Anita: Well, as you'll recall, when the last postal reform legislation was enacted, that was back in 2006, the Postal Accountability and Enhancement Act. The law stipulated that the postal service was to be kept by CPI-U. Now how they came up with CPI-U. I really don't have any background information on that, but that's what we're governed under at the current time it's business as usual, like the last 10 years.

Chris: Yeah. Okay. So, so at least it gives us some kind of a consistent measurement and like you said, there's a number of different ways that people maybe look at the economy and stimulate the growth. In fact, I thought I thought the President was toting a 4% growth, 4.1 or something like that a couple of weeks ago. Um, that's certainly not the 2.35% that the PRC is talking about.

Anita: That's GDP growth,

Chris: GDP growth. Okay. So they had all these different economic measurements, right? So apparently milk,, cheese, gasoline, and postage stamps are somehow all in common. And I guess maybe that makes sense. Universal service obligation with the postal service that might make sense for them to use that. But I know one of the main things you mentioned at the Postal Accountability Enhancement Act, one of the main things that the industry wanted at the time was predictable and consistent pricing approach. We had to be able to plan for what our postage rates were going to be, so, so we need to be able to forecast that in advance. Now the PRC does something goofy with CPI because I know it changes, you said it's been trending up. So how does the PRC look at CPI and what's their measurement to come up with the number?

Anita: Well, I was kind of hoping you would explain that, but okay. Well the fact that it is a backward looking calculation. And that may explain the difference between GDP growth and, and the CPI-U because what I understand is that the commission looks at the last 12 months and comes up with an average monthly CPI-U and then divides it by the previous 12 months. So it doesn't really seem like it's a good representation of…

Chris: Well the current economic trend, right? The economy's been growing, you mentioned that GDP with a 4.1% growth. But we want to make sure, and I think that this was the whole approach is that, again, for predictability, but that it was something that wouldn't be impacted by short term changes and fluctuations in that. So we've got a 12 month, the trailing 12 month or a proceeding, excuse me, the preceding 12 month numbers that we look at and then we look 12 months back, so two years. Right. And then come up with an average. And as you reported earlier that, that averages, what 2.35, is that right in Anita?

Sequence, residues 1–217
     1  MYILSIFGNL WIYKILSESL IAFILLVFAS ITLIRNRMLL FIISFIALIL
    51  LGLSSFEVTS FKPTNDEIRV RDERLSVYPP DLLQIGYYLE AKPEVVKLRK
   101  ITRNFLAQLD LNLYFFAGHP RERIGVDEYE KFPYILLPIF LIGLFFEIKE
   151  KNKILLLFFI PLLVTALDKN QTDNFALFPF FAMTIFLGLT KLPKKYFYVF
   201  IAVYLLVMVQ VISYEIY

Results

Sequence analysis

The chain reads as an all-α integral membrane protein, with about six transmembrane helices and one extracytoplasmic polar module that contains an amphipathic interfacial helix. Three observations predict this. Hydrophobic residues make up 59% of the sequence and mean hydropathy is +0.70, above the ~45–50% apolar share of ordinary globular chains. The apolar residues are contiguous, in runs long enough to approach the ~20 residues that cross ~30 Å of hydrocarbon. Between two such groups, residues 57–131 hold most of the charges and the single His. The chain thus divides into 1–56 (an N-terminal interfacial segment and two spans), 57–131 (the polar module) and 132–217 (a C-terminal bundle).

Anita: 2.356 currently. So when the postal service increased rates in 2018 in January, they used the August number. So I think it's safe to assume that that is the plan right now is that the postal service would like to raise rates in January of 2019 if they're able to do so. So I would expect that number to be close to 2.5% in August.

Chris: Okay. So as people are preparing their postage budgets for 2019 they should plan accordingly and like you said, 2.5%. How is that across the board? I mean how can I plan for that if I've got a mix of different type of mail pieces or shapes?

Anita: The percentage increase is by class. And then within that the postal service has flexibility on where they will put that 2.5% increase. In other words, there's been a couple of trends that we've seen lately. The postal service has been decreasing the drop-ship discounts for letter mail. They are correcting a calculation that was incorrect two years ago. So I think we've seen decreases in that discount which means and, and above average increase for standard mail letters and then they'll have to offset it in another category within marketing mail. So we might see a decrease in origin-entered standard letters or we could also see it on the flat side. We know that the underwater products which are considered standard mail flats and of course periodicals, those are considered underwater because they're not covering their attributable costs. So we tend to see a larger increase in those categories.

Chris: Okay. So if you're mailing flats or you're mailing periodicals or some of these so-called underwater classes, and again, under water, meaning that they're not covering according to the postal service, they're attributable costs or they may be more of the post service may be passing through more than the measured cost of avoidance. And you'd mentioned drop shipping. So if you're looking at that, you may see some variation from that 2.5% you talked about, right?

Anita: Correct.

Chris: Okay. Alright. So that'll be something for people to look at. Now in the wake of all of this conversation about pricing and CPI and all this stuff, we come to the other acronym and we touched on this, I think on the last podcast, the BOG, the Board of Governors, the postmaster general and the deputy postmaster general by themselves, even though they're there on the board, they don't have price setting authority right? You still need at least a governor to receded, is that correct?